01 Aug 2016
What do email marketers split test? (SURVEY!)
When it comes to subject lines for marketing emails, some work better than others.
For anyone who has worked in the field of email marketing for long enough to try a few different subject lines out, the above statement could not possibly be more obvious.
We can take it as a given that split testing email subject lines is something that all skilled email marketers are (or should be) doing on a regular basis.
But are they?
And are those who are split testing their subject lines doing so in an efficient and effective way?
These are important questions. Questions which need answering.
To get the answers, we here at Phrasee decided to conduct a survey and look deeper into email subject line split testing numbers.
We polled individuals across the global email marketing industry and received anonymous responses for 304 of those we reached out to.
The results were, to say the least, telling.
In particular, we wanted to know as common practice:
What do email marketers split test?
10% of respondents split test for this
While indispensable to all written communication, punctuation is probably the least sexy part of any message. This may be why so few of email marketers split test for punctuation in their subject lines. However, in many cases, punctuation can change the entire tone of a message and thus impact the success of a subject line a lot more than most would like to think.
Different product features:
25% of respondents split test for this
If an audience is interested in emails about a certain product or type of product, how much information should they be given in the subject line? Which particular features of the product being marketed will garner the most curiosity, and therefore the most clicks? Only 25% of email marketers split test for different product features to prominently display in their subject lines.
Price differentials (i.e. $50 vs. 50%):
30% of respondents split test for this
Which sounds better? “Buy one, get one 50%” off, or “25% off”? They both mean exactly the same thing (except that in one case you have to buy 2). However, people will generally react to the two in completely different ways. Isn’t it worth determining which works better for your audience? Seems like a no-brainer. Odd that only 30% of email marketers split test this…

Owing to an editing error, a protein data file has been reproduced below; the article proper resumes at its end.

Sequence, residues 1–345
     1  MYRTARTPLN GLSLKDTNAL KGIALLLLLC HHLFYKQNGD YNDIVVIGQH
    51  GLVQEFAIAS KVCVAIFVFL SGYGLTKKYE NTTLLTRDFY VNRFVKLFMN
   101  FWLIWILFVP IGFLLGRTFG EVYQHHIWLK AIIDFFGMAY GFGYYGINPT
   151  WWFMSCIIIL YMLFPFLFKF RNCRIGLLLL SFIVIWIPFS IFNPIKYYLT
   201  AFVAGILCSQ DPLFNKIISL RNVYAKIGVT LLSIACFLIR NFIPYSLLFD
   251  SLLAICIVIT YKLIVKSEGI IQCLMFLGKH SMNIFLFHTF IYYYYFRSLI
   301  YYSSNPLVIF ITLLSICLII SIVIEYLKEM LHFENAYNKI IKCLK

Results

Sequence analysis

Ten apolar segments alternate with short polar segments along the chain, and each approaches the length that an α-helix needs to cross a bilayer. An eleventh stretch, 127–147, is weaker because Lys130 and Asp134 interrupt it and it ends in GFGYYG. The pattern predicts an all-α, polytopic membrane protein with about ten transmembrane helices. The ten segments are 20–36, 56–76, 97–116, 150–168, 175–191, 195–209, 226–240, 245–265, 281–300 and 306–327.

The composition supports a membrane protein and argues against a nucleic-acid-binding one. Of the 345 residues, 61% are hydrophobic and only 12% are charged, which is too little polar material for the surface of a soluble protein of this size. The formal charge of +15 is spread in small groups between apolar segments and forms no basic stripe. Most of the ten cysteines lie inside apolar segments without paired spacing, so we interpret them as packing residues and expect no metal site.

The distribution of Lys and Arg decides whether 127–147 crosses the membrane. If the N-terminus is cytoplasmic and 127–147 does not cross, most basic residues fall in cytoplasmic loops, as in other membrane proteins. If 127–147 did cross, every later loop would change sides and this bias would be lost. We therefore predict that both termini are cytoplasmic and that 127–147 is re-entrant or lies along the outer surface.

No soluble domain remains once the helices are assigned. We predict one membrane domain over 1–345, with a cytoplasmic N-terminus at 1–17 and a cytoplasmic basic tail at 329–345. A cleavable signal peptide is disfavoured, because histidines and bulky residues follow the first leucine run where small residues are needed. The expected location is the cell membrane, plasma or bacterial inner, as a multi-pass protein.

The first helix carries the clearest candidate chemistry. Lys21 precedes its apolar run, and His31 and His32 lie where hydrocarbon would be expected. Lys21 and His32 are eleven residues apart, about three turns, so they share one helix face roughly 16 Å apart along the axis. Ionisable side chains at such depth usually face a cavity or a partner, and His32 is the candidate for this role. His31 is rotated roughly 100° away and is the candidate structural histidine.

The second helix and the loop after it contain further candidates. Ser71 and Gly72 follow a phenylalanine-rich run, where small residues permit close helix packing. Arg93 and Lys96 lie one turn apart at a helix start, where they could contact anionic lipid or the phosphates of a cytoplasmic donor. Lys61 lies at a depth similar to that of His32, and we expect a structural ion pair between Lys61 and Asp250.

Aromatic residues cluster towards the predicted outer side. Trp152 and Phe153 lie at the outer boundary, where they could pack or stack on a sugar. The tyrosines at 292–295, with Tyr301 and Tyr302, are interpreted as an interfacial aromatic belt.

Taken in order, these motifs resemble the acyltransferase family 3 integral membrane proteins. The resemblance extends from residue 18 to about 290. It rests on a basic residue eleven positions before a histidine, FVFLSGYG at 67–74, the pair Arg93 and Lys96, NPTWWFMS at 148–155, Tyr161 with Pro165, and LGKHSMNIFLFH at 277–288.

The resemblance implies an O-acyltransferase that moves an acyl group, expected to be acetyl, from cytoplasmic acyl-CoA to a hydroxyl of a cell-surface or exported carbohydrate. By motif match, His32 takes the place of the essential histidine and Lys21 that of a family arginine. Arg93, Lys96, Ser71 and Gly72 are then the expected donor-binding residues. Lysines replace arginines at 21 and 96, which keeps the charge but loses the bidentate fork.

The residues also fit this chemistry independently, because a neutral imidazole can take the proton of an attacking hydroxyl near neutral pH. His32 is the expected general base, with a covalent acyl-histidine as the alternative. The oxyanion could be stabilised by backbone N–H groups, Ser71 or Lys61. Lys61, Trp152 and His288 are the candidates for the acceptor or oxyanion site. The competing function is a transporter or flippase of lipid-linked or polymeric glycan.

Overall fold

Including the price/discount:
36% of respondents split test for this
Everybody loves a bargain, but does adding the exact numbers of the price or discount on offer actually translate into increased sales? Or is it enough just to say that you are having a sale, or that a special price is on offer? We think this is worth a look for any email marketing campaign. Yet only 36% of email marketers split test to find out how their audience responds.
43% of respondents split test for this
Adjectives are powerful words. They give marketers a chance to build and hone the perception of a brand, product or service in a way that no other part of language can. Incredibly, less than half of email marketers split test subject lines to determine what adjectives pique their audience’s interest.
Length of subject line:
58% of respondents split test for this
Does your audience respond better to brevity or detailed information? Are they more likely to click on a short, mysterious subject line or one that tells them exactly what they need to know, no matter how many words it takes? Does it make a difference to the bottom line? More than half of email marketers believe that it does, and split test their subject lines to find the right length.
Different call to action phrases:
77% of respondents split test for this
Unsurprisingly, the area for which the highest percentage of email marketers split test their subject lines is in call to action phrases. Presumably, the end goal of any email marketing campaign is to get the people on the mailing list to do something.
Whether this be signing up for a newsletter, going to a store, donating money or visiting a website, an email marketing campaign can only be considered a success if the recipients feel compelled to carry out the action that the marketer intended. So, what call to action phrase is most likely to get the result the marketer wants? Like it can for all the other examples, split testing can help us find the answers.
So what does it all mean?
While split testing subject lines has become common practice for email marketers (about 75% do it on a regular basis) many may be testing for the wrong things, and missing the point entirely. Split testing has been statistically proven to work for those writing email subject lines. The gap lies in the methodology of the standard A/B split testing currently prevalent in the field.